And now, the moment we’ve all been waiting for! The Bead Soup Blog Party Reveal! First, I just want to send Lori Anderson, our Bead Soup organizer, a hearty thanks for all her hard work to make this such a fun experience!
If you’ll remember, my partner, Karen Firnberg, sent me a giant cup of bead soup. I was totally spoiled with three focals and tons of beady goodness. Lori left me a comment urging me to make more than one piece for the challenge, so I took up the gauntlet and made…wait for it… FOUR necklaces! So bear with me. This will be a long post.
necklace one: the safe bet
I call this necklace “the safe bet” because when I first opened my soup, I was immediately drawn to the metal drops that came to Karen from another friend who was de-stashing her own bead collection. I couldn’t wait to pair them up with the jasper beads which were so earthy and rich with texture. To keep the weight of the necklace down, I used large lightweight wood washers and bamboo tube beads. All in all, this necklace came together very quickly and painlessly. Very much in my ‘wheelhouse’ or style I’ve been working in lately. And better still, I have a gazillion of those metal drops left to play with.
necklace two: the octopus
We were supposed to use a focal and the clasp that our partner sent us, and this necklace is the only one where I used both together. Karen is a whiz with seed beads. I am not. This necklace ended up being my most challenging. I was determined to try a multi-strand piece, and quite honestly, nothing I paired this big, lovely, bold focal up with worked until I decided to combine the antique copper tube beads with the bamboo. I think this necklace is crazy, and certainly made me crazy while I was working on it. I love how it turned out though. It reminds me of an octopus with its eight trailing
tentacles bead strands. But it was just what the soup was supposed to be—a creative challenge with a focal and clasp I might not have picked out for myself.
necklace three: color coordinated
This third necklace needs to be restrung. Shhh…don’t tell anyone. I messed up the bead pattern right at the clasp, but as I’m finishing this blog party at the eleventh hour, I didn’t have time to re-do it. Ahem. Anyway. Karen sent me another interesting but challenging focal to work with on this one. After many false starts, I went with a monochromatic brown scheme that drew inspiration from the colors in the lamp-work focal. This is another piece that I supplemented with beads from my own stash. Am I a bad Karyn for doing this?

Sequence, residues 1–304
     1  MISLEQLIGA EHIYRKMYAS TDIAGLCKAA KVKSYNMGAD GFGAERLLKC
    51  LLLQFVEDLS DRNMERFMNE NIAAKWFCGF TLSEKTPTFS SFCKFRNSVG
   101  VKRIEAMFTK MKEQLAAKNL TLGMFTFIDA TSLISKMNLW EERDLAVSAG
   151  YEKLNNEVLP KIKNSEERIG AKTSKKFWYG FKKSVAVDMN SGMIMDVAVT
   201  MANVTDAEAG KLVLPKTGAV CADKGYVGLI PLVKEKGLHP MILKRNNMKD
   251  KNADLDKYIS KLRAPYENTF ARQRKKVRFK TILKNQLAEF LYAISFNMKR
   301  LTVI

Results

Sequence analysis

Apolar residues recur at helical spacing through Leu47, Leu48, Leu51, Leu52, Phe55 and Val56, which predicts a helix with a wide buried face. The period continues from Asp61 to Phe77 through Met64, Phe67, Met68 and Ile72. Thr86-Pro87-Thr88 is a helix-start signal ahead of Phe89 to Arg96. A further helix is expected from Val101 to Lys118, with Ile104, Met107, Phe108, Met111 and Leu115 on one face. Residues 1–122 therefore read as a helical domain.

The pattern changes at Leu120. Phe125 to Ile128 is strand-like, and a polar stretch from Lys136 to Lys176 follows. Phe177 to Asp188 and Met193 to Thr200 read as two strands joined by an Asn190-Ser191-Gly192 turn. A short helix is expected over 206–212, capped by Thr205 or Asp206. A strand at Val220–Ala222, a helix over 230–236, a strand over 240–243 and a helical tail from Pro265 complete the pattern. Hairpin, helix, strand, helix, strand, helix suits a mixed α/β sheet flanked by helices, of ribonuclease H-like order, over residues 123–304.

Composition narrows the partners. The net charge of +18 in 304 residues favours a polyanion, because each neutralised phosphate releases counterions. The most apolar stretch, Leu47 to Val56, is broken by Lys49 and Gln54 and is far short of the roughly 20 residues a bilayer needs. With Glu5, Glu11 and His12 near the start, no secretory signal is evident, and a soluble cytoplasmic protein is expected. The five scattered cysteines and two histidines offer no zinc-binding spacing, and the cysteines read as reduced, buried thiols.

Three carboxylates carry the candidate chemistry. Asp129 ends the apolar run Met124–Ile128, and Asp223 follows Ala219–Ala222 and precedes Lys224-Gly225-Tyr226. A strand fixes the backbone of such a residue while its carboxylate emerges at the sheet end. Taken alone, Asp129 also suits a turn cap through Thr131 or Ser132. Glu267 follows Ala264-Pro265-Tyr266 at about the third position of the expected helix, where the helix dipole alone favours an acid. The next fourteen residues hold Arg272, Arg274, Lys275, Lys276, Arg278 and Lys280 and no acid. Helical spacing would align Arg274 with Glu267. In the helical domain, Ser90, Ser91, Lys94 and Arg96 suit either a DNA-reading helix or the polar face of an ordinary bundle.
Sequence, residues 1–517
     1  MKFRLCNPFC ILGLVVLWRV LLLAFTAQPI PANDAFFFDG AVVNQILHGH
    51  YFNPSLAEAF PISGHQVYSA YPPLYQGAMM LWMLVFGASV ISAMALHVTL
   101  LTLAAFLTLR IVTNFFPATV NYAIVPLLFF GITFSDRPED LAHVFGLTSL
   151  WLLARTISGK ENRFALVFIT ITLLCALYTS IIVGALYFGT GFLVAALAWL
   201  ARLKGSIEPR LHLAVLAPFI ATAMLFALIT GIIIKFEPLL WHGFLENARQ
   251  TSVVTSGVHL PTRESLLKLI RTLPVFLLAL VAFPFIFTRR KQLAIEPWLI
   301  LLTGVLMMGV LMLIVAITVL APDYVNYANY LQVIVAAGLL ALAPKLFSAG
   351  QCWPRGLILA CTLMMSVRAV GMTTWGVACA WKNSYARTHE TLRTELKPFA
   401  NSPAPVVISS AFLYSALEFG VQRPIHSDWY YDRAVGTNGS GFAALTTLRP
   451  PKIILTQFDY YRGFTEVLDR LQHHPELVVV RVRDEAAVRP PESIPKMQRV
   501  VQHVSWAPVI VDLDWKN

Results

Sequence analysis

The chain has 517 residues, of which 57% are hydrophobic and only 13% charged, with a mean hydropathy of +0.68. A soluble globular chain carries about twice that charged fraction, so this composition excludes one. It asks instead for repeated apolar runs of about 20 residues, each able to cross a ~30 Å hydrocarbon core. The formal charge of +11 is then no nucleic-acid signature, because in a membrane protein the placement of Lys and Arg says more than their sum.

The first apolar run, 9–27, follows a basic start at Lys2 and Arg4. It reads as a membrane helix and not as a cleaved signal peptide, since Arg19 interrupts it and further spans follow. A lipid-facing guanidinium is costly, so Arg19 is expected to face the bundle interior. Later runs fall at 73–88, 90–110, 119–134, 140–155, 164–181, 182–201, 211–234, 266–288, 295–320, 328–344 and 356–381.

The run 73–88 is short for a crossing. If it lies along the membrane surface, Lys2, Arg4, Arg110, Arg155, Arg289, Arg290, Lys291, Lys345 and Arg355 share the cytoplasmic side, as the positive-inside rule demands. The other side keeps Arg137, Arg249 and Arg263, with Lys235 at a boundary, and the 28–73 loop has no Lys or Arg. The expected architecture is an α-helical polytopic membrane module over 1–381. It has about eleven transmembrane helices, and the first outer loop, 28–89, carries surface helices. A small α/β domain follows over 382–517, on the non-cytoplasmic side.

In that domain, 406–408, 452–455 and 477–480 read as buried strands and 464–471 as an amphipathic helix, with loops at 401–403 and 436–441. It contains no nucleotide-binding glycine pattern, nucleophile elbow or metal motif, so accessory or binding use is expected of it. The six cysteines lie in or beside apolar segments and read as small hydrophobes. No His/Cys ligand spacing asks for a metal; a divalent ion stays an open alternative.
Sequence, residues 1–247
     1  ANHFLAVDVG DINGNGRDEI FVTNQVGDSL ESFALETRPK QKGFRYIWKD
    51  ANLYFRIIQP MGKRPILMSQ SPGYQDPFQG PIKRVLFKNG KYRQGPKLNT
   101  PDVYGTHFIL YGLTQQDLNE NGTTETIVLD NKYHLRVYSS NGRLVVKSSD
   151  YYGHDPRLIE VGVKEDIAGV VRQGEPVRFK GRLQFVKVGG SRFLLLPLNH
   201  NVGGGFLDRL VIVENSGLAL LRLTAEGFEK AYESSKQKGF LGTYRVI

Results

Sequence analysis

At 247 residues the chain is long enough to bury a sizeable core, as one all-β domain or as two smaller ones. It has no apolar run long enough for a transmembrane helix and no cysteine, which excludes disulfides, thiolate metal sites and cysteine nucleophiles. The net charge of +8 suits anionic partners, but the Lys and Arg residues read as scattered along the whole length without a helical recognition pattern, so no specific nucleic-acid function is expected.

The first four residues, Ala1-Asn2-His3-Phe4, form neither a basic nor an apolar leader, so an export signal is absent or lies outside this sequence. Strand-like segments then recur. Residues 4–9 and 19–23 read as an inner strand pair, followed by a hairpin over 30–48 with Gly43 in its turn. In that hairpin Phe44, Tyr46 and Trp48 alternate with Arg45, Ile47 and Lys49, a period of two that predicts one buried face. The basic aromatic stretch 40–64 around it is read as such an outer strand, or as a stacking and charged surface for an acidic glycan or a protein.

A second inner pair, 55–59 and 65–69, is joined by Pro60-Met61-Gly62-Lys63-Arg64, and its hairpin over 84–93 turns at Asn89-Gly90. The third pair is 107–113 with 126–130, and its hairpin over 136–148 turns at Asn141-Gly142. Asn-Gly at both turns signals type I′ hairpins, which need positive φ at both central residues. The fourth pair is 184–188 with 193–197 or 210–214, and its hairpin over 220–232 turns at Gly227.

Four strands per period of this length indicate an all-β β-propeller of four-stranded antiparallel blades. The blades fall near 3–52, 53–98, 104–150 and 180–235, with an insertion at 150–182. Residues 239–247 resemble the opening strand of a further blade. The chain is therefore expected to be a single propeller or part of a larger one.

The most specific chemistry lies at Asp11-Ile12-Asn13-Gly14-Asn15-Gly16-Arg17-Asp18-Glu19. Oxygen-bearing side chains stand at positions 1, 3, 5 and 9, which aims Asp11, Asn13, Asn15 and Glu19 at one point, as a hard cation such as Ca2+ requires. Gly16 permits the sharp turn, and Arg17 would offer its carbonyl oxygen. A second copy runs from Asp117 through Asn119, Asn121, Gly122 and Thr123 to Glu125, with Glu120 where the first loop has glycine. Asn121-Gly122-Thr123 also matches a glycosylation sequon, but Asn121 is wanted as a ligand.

necklace four: anemone
Last but not least, focal four, a lovely anemone lamp-work that I could stare into forever, but was so hard for me to design around! This necklace also had many flops along the way to this incarnation. I knew right away I wanted to use the carnelian rounds to pick out the lovely oranges inside the focal. The shell sticks were chosen to go along with the sea-theme of the focal. I hope the final result looks like something you’d wear at a tropical beach.
I really, truly, want to thank Karen for spoiling me so nicely with this soup. I have SO many beads left to play with, and I hope I did her focals proud. The process was surprising to me. I really wanted to try and use up everything that Karen sent me, but I found myself making different choices in response to the focals I was given. For example, Karen sent along a lovely mix of orange, red, and yellow seed beads of various sizes, and no matter how I tried, I just couldn’t work them into a design I was happy with. Was this a failure on my part? Are the beads just waiting for the right focal to come along? Let me know how well you integrated your soup beads into your designs. And I’d love to know which necklace you like the best!
the rest of the hop
And now, the rest of the Bead Soup Participants. I can’t wait to dive in and see what everyone else made!
Click here to see the bead soup blog party list, or use the links below: